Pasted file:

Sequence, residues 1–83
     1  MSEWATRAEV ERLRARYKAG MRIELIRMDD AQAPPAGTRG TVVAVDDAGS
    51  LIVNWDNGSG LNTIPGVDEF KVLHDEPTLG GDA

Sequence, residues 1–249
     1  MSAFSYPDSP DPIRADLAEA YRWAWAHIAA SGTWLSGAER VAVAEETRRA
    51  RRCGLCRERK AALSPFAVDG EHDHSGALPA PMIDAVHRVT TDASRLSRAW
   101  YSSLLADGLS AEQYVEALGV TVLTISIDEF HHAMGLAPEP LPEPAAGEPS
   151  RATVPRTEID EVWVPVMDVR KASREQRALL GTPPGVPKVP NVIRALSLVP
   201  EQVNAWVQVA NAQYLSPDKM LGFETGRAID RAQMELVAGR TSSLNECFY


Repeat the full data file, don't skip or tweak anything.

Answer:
Sequence, residues 1–83
     1  MSEWATRAEV ERLRARYKAG MRIELIRMDD AQAPPAGTRG TVVAVDDAGS
    51  LIVNWDNGSG LNTIPGVDEF KVLHDEPTLG GDA

Sequence, residues 1–249
     1  MSAFSYPDSP DPIRADLAEA YRWAWAHIAA SGTWLSGAER VAVAEETRRA
    51  RRCGLCRERK AALSPFAVDG EHDHSGALPA PMIDAVHRVT TDASRLSRAW
   101  YSSLLADGLS AEQYVEALGV TVLTISIDEF HHAMGLAPEP LPEPAAGEPS
   151  RATVPRTEID EVWVPVMDVR KASREQRALL GTPPGVPKVP NVIRALSLVP
   201  EQVNAWVQVA NAQYLSPDKM LGFETGRAID RAQMELVAGR TSSLNECFY